“Malta on Friday’s is close to home and I’ve never hit any 358s, only big blocks,” Shepard said. “It seems like a nice racy track. It doesn’t seem to be rough on equipment.”
Joining a division filled with talent and experience, Shepard is looking for ward to the challenge.
“I’ve raced against guys like Brett (Hearn) for the past four, five years, I’ve raced against the best that there is,” I know those guys get around that place good. I have to try to get around better than them.”
Two veterans of the limited full fender division, Mechanicville’s Kevin VanChance and Saratoga’s Jim Monroe are moving up in class, to the pro street stock division on Friday nights.
“I did what I had to do in the other division, proved what I needed to prove,” VanChance said. “I wanted a different challenge.”
He’s applying the same plan with his Weathervane, Tractor Supply Company No. 21 pro street stock as he did in the limited class.
“I’m not going out there to run through people,” VanChance said. “I’ll race for wins if I feel comfortable. I’m going to race, learn and hope that it works for me again.”
Jim Monroe and his No. 94M Time Warner Cable pro street stock hasn’t given him any fewer headaches than his Road Runner powered limited race car did.
“I had a rude awakening this week, this car was out to lunch,” Monroe said. “These cars, if you want to get more right front weight, turn the bar, change one thing and create another problem, it’s a giant balancing act.”
Both VanChance and Monroe said they’ll take finishes at the back of the pack for a few weeks to come to grips with their vehicle set ups. Then, it’s off to the races.

A look at racing through the Race Director's Eyes

MALTA — Under sunny skies last week prior to eve of Albany-Saratoga Speedway’s annual inspection and practice afternoon, Champlain Valley Racing Association Race Director Bruce Richards was all smiles.
With the weather finally turning the corner for the Malta dirt track’s 31st season under the Richards family, increases in car counts through each racing division and the track in great shape, the face of Albany-Saratoga has good reason to smile.
“I think that we have a rock solid foundation of a program,” Richards said. “Right from the top right all the way down through. We see that in every year by the amount of enthusiasm and how many competitors we have.

“A lot of race tracks are faced with dwindling car counts and struggling to get by. We’ve been blessed and able to keep things affordable for the racers,” Richards “They are spending money, but they aren’t spending money like they are at other tracks. We can see that because
more and more of them are gravitating from the other tracks to Albany-Saratoga and Devils Bowl Speedway. They want to be able to race and they can’t afford to race at the other tracks.”
While prices have increased nationally in every aspect of entertainment, Richards is proud of his family’s commitment to their fans at the dirt track oval off Route 9 in Malta.
“This is the 11th year, I sound like a broken record, that we have not raised the adult general admission price,” Richards aid. “It’s still just $10 to get in, $2 for the kids and toddlers free. Parking is free and the food is very reasonably priced.”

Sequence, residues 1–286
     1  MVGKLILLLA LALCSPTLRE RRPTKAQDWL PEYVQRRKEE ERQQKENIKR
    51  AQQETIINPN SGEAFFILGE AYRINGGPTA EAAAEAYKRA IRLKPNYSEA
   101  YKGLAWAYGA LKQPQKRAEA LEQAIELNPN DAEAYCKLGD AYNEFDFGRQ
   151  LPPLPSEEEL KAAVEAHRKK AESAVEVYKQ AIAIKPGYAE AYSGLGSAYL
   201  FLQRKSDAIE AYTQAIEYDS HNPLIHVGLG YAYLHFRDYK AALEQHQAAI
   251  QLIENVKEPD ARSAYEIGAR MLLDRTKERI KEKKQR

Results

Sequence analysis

Each year the Richards family has re-invested in their family of racing venues, from adding a victory lane for fans at Albany-Saratoga and replacing of its grandstands. This year, the family has focused on a two-season project replacing their grandstands at its Devil’s Bowl location.
The improvements this season impact the racers first, but will continue to assist in keeping the racing at its best each Friday night.
“We are adding a hot pit area to make it a little safer for a competitor to come off the track and change a tire,” Richards said. “We made the pits bigger, I don’t think many tracks can say that they’ve added pit stops the way we’ve added pit spots and we’re still going to be tight.”
Always the innovator, Richards had added a new class of competition at Albany-Saratoga and Devils Bowl Speedways, answering the demand in the open-wheel division with the creation of the budget sportsman class.
“I see a need for this younger talent that is coming up through the pool through the go-kart ranks and stuff that they want to go into the open wheel ranks,” Richards said. “They don’t want to go into the hobby cars and stuff like that. He’s an affordable way for them to get involved in an open-wheeled modified car with a crate engine or one of the other engine packages to get out there and get their feet wet.”
More than 20 cars have already signed up for the division and all limited to a low compression engine that runs on super unleaded gasoline, but operates in the standard chassis used for the sportsman and modified divisions.
With a low cost entry point, Richards hopes to attract new drivers for this year and the future at Albany-Saratoga.
“They can just change their engine package and go up through the ranks,” Richards said. “I know that is going to take off like crazy.”
With the addition of the budget sportsman class, racing will now start every Friday night at 6:45 p.m. 15 minutes earlier than it has in the past.
“The rule of thumb here has been that we run the show through and people take their own breaks,” Richards said. “Last year we took 10-15 minute breaks on occasion. This year I think you’ll see that as a thing of the past.”